Is soy good or bad for men?
In addition to protein, fiber, vitamins and minerals, and omega-3 fatty acids, the soybean is rich in phytoestrogens (“plant estrogens”), a subclass of antioxidants called “isoflavones.”
Chemically, phytoestrogens are structurally similar to the human sex hormone estrogen, interacting with the hormones in mammals with estrogen receptors. That’s where the controversy begins.
According to Holly Wilson, M.D., the confusion stems from misunderstanding the difference between the naturally occurring phytoestrogens in plants and the human steroid hormone, estrogen, that regulates sexual function. She says:
Phytoestrogens ... functionally are weakly estrogenic (weakly mimicking estrogen) or antiestrogenic (blocking estrogen’s effects). The metabolism and functionality of phytoestrogens are incredibly complex, and vary between individuals.
Despite scientific studies to the contrary, the same doubts and fears about soy prevail, as consumers ask:
Does soy feminize men?
The myth that men develop breasts from soy sprang from thinking phytoestrogen and human estrogen are synonymous. Wilson calls it an “urban legend,” adding that if the two compounds were the same “there would be a lot of men in need of bras!” A study by Martinez and Lewi, however, reported a 60-year-old man who drank 6 quarts of soy milk a day for 6 months developed gynecomastia. But, the symptoms subsided when he stopped the soy. Furthermore, a study by Mark Messina, PhD, found the soybean isoflavone has no feminizing effect on men.
Does soy cause sexual dysfunction?
Surprisingly, a Google search reveals more fears and warnings on this topic than the others, with sensational headlines like: “Shocking Effects of Soy,” “Soy Dangers!” “Sexual Side Effects!” Sexual problems have often been blamed on soy’s phytoestrogens. However, studies, including Messina’s cited above, find soy has no effect on testosterone levels and doesn’t cause erectile dysfunction.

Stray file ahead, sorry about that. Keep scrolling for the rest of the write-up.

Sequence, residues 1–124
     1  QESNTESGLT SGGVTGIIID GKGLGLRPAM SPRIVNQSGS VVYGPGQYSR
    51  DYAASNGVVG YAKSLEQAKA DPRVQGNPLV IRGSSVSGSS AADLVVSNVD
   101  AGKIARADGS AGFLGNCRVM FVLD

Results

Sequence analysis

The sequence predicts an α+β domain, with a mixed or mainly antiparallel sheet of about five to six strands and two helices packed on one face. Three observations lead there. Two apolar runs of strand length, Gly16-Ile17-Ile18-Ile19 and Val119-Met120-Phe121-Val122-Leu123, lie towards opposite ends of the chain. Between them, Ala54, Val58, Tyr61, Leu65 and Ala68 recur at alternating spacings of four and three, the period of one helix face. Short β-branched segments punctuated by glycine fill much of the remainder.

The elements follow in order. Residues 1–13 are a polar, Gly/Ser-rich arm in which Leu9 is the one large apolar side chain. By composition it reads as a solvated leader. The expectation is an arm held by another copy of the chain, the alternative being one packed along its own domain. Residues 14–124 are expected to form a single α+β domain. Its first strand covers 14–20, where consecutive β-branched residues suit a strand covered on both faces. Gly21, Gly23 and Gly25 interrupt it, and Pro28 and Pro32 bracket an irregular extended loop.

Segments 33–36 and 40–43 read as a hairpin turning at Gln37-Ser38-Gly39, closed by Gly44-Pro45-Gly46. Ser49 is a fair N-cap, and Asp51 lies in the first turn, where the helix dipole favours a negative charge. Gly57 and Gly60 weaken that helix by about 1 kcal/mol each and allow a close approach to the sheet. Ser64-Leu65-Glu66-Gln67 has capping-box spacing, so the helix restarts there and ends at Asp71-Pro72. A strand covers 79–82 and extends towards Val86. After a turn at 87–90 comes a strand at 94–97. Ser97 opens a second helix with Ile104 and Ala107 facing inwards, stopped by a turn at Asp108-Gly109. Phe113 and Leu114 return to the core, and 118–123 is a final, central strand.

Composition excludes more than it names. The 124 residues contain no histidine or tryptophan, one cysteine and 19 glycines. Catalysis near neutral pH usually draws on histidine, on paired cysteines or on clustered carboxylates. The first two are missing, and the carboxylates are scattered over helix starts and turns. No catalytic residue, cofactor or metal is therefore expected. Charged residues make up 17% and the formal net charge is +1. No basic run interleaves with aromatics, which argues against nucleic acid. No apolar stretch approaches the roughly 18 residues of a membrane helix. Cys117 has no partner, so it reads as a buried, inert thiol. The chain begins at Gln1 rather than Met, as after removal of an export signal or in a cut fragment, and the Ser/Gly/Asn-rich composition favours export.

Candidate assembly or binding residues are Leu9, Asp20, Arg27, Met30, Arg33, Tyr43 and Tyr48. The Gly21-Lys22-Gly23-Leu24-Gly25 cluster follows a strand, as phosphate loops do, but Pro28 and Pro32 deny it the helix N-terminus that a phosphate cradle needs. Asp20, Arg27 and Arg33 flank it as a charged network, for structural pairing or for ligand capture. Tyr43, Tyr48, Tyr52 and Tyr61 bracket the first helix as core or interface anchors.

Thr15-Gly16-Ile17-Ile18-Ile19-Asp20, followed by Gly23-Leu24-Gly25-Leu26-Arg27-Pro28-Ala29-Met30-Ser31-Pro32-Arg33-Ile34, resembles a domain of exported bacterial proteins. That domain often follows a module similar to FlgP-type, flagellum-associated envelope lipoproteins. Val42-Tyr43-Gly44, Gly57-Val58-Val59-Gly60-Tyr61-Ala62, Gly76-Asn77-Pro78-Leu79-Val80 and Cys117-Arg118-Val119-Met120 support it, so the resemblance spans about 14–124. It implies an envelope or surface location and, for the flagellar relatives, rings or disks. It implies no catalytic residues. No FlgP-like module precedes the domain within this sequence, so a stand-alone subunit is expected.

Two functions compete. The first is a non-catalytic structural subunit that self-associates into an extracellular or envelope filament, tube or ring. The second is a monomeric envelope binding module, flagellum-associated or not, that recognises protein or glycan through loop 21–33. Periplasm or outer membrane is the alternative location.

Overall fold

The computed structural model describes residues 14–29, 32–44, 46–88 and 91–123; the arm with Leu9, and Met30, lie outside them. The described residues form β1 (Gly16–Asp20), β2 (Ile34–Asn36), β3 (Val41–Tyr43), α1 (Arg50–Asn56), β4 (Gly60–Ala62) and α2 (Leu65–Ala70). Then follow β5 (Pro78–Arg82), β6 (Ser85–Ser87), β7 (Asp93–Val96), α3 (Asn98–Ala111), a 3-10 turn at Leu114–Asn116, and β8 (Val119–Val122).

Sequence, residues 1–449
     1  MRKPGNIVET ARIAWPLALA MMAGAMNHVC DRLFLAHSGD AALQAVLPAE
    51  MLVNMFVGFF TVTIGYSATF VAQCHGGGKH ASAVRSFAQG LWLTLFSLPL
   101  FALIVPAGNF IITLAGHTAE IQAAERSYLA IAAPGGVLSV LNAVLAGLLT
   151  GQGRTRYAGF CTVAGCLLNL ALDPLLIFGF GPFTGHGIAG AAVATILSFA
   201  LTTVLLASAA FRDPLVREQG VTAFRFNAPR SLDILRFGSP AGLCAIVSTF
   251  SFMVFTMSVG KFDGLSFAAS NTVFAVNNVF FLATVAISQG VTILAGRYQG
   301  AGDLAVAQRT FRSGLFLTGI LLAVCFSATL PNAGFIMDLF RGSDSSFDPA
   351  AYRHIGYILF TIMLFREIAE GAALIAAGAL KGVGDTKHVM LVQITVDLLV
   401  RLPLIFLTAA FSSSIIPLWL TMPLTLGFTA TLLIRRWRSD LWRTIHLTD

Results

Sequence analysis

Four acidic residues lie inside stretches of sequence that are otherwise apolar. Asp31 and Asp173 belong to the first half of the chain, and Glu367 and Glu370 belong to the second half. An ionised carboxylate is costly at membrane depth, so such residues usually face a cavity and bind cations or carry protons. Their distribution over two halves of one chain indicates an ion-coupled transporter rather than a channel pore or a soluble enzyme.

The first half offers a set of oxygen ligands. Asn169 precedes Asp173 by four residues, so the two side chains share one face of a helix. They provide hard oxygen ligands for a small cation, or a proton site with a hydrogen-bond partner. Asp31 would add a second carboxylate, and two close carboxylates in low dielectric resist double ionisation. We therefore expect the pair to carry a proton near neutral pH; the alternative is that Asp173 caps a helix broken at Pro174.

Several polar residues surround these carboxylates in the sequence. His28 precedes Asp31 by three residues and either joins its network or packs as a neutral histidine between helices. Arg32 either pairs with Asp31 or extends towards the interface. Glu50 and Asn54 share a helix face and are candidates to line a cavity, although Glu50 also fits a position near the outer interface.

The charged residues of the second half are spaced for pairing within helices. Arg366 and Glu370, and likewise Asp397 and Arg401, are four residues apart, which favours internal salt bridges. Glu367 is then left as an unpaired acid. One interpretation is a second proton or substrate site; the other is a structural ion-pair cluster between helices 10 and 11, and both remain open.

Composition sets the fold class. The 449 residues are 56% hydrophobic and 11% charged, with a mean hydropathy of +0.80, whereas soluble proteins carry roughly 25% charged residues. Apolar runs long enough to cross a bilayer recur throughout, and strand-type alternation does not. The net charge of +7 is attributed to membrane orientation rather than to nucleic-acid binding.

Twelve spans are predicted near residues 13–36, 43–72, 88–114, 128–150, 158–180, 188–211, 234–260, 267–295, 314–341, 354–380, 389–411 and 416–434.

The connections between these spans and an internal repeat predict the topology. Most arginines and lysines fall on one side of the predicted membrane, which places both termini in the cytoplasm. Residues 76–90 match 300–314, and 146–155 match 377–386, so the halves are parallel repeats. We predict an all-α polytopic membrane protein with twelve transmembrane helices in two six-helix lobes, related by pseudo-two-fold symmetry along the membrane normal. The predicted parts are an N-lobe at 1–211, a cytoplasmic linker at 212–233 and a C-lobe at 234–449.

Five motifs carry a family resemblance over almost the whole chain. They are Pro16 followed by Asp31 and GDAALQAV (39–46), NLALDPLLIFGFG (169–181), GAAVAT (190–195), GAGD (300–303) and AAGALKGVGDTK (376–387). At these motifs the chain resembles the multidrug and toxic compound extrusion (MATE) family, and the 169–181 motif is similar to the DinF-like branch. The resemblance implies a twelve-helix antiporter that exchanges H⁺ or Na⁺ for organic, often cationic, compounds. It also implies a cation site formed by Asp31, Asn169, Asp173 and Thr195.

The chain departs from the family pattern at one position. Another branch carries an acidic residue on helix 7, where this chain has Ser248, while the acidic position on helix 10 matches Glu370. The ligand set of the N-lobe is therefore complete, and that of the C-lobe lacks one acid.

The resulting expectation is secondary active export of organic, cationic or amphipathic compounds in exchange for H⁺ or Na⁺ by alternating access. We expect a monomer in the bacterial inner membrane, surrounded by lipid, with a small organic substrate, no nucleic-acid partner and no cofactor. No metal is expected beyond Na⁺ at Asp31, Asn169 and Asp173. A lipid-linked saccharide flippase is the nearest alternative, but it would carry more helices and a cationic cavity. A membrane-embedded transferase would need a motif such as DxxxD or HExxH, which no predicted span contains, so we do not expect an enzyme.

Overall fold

How about infertility?
A study by Glover and Assinder on rodents given a diet high in phytoestrogens showed those amounts temporarily reduced fertility. But that’s rodents. A meta-analysis in Fertility and Sterility showed no effect of soy isoflavones on the reproductive hormones in men, and a study in Clinical Science revealed isoflavone supplementation has no effect on sperm concentration, count, or motility.
Higher risk for cancer?
Because human estrogen promotes the proliferation of cells, at high levels this can increase the risk for some cancers. Phytoestrogens aren’t estrogen, though, and actually have been found to reduce cancer risk, including prostate cancer. A meta-analysis by Lin Yan and Edward L. Spitznagel associated soy with a reduction in prostate cancer risk in men.
So, why do these myths persist? Wilson warns about the ongoing anti-soy campaigns of Weston A. Price Foundation that lobbies for animal farming and discredits veganism, especially through its “Soy Alert” releases.
It seems any negative effects from soy resulted from overindulging (6 quarts of soy milk a day?) and are reversible. Then, doesn’t it make sense to balance, rather than eliminate, this nutrient-dense food in a man’s diet?
Veestro uses soy in some of its plant-based recipes as a rich, gluten-free source of protein and micronutrients. For a soy-free option, try Black Bean Pasta Alfredo. Veestro ingredients are posted online so you can explore what’s right for you.
Read more about The Soybean Saga: Myths and Facts.
Sources:Darya Pino, Does Soy “Feminize” Men? Fact vs. Myth, Zocdoc
Holly Wilson, M.D., A Vegan Doctor Addresses Soy Myths and Misinformation, Free from Harm